Mark Ruffalo Calls on Jerry Brown to End Use of Fossil Fuels in California

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Actor and environmental activist Mark Ruffalo is calling on California Gov. Jerry Brown to end the state’s usage of fossil fuels for oil extraction and move to 100 percent renewable energy.

In a post on his Tumblr page, the Avengers star says contaminated wastewater from the oil extraction process is being used on California crops.

A scientist from Ruffalo’s nonprofit organization Water Defense told the Los Angeles Times in May that samples of treated irrigation wastewater bought from Chevron contained chemicals toxic to human beings, including acetone and methylene chloride. The water is reportedly used on tens of thousands of acres of farmland in California’s agriculture-rich Central Valley, but its level of contamination remains unclear.

In a statement, Ruffalo called on Brown to conduct “more research and testing before he can continue this process without endangering the public health and welfare.”

Add your voice to the public dialogue and hold Governor Brown accountable for his decisions,” Ruffalo wrote, providing links to Brown’s social media accounts and his office’s phone number. “Tell him that he needs to stop irrigating our crops with contaminated water. Tell him that he needs to stop relying on increasingly destructive fossil fuel extraction processes, and start making the transition to renewable energy immediately.”

The oil industry contests Water Defense’s findings. In July, a study conducted by Chevron found no traces of methylene chloride in its treated wastewater. The oil giant also claimed that any traces of acetone found in its water was likely the result of natural biological processes.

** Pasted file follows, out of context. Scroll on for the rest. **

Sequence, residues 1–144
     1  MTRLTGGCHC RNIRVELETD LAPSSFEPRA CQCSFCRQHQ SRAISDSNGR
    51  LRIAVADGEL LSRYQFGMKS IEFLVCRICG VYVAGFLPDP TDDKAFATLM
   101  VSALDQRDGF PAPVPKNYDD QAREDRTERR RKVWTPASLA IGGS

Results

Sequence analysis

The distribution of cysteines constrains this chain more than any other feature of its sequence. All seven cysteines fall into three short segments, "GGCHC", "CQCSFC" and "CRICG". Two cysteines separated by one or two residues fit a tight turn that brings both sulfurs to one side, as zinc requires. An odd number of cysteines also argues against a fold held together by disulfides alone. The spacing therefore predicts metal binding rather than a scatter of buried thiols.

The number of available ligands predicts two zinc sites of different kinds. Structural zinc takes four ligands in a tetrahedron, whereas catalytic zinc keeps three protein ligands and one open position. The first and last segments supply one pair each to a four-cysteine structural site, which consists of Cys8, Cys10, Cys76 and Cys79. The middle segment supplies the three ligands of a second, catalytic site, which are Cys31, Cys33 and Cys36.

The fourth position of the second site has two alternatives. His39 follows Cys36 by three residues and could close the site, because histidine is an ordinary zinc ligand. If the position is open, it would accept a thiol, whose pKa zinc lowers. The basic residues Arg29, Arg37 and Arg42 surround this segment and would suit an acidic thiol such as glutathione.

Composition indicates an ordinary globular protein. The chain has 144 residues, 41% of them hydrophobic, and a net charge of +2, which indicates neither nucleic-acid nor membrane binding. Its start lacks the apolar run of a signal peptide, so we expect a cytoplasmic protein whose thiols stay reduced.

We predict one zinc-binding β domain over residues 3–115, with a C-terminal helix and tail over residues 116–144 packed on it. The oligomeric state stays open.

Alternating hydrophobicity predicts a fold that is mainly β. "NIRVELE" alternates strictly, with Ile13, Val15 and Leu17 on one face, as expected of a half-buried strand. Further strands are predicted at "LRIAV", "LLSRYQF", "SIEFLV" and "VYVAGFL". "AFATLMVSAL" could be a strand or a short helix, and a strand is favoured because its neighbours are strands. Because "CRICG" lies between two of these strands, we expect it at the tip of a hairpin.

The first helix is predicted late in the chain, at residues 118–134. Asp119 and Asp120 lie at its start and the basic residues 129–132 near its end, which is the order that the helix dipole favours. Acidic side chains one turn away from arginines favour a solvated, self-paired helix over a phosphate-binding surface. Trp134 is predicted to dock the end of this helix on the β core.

Chevron sells 21 million gallons of treated oil field wastewater per day to the Cawelo Water District, which in turn sells the water to 90 farmers in Kern County.

In February, Sen. Fran Pavley (D-Agoura Hills) introduced legislation that would require greater transparency in the wastewater treatment production process. Pavley stressed the necessity of “regulatory accountability” to “make sure the safety of the state’s drinking water supply is preserved.” Pavely’s bill, SB 248, has since stalled in the Legislature.

Ruffalo has long been an advocate for environmental issues. In June, he teamed up with fellow actor Leonardo DiCaprio to launch the “100%” renewable energy initiative, which aims to make renewable energy sources more affordable. Ruffalo told Page Six that New York’s green energy efforts were more successful than California’s, and vowed to pressure Brown into action.

“This is really mankind’s greatest threat, and it should take some serious problem solving on all of our parts,” Ruffalo told the paper. “And we don’t really have to give up anything to do it.”


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